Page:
Written by Sally Veall,
Last Modified: 6th August 2020

With warm sun, a warm welcome and easy access from the UK for visits from the family, no wonder so many of us fancy a retirement on the northern stretch of the Costa Blanca. Dénia, Javéa and the villages between are the perfect place to start your quest for the perfect retirement in Spain.

The Costa Blanca is now one of the most sought after areas in Spain for British people to retire to. Actually, it’s popular with all ages as it offers a wonderful climate combined with over 200km of coastline, natural parks teeming with wildlife and 300 days of sunshine a year.

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The area can really be divided into two sectors, the north and the south. Each has very different terrain and feel. The south is flatter, a prominent tourist area visited by both Spaniards and foreigners. The countryside is a little on the arid side, but there’s no shortage of liquid in the bars of Torrevieja or Benidorm, synonymous with sun, sea, sangria and party time. The north is greener and mountainous. It really depends if you want to have every type of amusement at your fingertips or whether you are seeking a quieter existence, whether you want a very dry climate or one which has some rain and humidity giving lush valleys.

There are 45 golf courses to enjoy, 13 are located in the northern part and this is where we will be concentrating on in this article.


In the northern Costa Blanca, you can still find a Spanish way of life, especially in the little inland villages where siestas are the norm and people don’t necessarily speak good English. On the coast, there are three main towns which are valued for all year round living, Dénia, Javéa and Calpe. Many British people have already found their ideal home here, whether it be in a comfortable villa or a spacious apartment. They are as lively in winter as in summer and offer an excellent lifestyle with every amenity you might need.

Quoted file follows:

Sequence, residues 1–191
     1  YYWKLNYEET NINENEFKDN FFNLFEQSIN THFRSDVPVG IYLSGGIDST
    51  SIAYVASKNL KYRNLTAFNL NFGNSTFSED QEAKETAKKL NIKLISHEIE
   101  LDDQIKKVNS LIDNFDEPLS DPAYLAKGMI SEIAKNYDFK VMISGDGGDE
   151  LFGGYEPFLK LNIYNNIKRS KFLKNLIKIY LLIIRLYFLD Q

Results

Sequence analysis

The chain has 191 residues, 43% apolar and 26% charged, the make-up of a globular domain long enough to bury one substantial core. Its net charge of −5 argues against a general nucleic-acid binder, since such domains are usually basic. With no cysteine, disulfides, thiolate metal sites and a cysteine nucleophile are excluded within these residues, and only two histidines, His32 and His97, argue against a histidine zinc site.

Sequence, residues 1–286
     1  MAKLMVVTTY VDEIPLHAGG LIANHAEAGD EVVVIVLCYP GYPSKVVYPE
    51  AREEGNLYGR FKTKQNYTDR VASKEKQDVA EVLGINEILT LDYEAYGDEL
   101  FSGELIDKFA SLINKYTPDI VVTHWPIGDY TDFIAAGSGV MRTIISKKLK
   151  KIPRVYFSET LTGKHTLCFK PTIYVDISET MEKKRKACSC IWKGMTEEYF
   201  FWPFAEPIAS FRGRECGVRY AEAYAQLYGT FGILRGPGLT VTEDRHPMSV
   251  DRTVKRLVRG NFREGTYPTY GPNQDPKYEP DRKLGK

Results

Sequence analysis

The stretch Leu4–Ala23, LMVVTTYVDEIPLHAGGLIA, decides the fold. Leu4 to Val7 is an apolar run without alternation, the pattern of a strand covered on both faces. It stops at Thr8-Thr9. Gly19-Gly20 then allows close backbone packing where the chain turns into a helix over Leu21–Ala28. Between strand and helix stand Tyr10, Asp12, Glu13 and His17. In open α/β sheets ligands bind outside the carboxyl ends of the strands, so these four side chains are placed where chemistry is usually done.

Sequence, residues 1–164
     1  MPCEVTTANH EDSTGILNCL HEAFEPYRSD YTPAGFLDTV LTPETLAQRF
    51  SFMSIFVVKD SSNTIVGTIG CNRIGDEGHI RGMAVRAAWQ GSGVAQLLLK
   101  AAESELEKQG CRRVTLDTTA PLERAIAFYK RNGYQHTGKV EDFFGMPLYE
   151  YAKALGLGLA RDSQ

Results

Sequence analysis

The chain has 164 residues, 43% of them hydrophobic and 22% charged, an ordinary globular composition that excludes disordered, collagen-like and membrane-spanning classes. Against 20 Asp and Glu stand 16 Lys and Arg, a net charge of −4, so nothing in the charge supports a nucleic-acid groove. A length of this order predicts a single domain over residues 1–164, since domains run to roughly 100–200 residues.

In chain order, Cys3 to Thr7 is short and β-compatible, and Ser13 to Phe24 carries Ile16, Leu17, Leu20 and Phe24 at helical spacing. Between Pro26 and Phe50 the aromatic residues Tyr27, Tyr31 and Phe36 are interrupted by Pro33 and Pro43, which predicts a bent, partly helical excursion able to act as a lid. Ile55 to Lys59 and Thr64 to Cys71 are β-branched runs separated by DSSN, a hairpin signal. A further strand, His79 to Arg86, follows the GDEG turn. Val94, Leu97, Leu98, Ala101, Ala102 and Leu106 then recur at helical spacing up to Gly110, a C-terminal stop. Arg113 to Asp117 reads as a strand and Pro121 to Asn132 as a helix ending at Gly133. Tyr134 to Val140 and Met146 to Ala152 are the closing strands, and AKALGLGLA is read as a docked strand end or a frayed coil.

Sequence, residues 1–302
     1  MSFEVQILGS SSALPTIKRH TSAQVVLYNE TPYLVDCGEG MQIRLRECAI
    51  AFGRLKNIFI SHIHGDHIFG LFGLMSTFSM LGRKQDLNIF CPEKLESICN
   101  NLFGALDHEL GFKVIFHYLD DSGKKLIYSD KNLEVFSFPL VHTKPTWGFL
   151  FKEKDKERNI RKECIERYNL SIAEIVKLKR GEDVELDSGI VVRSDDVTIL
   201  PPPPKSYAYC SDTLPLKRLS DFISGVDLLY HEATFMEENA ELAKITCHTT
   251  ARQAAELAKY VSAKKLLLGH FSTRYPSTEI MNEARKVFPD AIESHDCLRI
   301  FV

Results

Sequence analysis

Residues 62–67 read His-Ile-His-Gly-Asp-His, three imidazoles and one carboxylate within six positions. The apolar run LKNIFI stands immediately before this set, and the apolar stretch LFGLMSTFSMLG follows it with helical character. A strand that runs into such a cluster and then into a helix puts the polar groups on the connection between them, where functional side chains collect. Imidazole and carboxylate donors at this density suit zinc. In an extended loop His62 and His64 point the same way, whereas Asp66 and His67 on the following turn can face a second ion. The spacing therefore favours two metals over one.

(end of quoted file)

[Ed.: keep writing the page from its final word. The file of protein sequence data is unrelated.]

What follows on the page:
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This is a real working town as well as a popular spot to spend all year. It is a smart town with some very good shops and typical café culture. The indoor market is a place for people to meet and to stop for a tapa whilst doing the morning food shopping. There are 32 km of beaches from the town going north while to the south the coast is rockier and a good spot for water sports such as scuba diving and kayaking. The town was inhabited in Iberian times and has seen many peoples come and go, including the Greeks, Romans and Moors. The Moorish castle dominates Dénia, standing proudly on a rocky crag since the 12th century.

Where should you retire on the Northern costa blanca?

Does Dénia offer your perfect retirement? (MiniMoon Photo / Shutterstock.com)

The historic Old Town is really pretty with different architectural styles including some very elegant facades as well as old fishermen’s cottages. Down by the port, wander around the two marinas or along the prom, or perhaps take your bike. There are plenty of restaurants and bars to sit in and just watch the boats gently moving in the water and there is also the 3 starred Michelin restaurant, Quique Dacosta.

The backdrop to the town is the 800 metres high Montgó mountain which, with the surrounding area, forms the Montgó Natural Park. This is a perfect place to enjoy the peace and quiet and 650 different species of birds, wildlife and flora. For birdwatchers, this is a paradise with peregrine falcons and eagles soaring above and smaller birds nesting. You can see wild boar, foxes and you can hike or cycle through the park.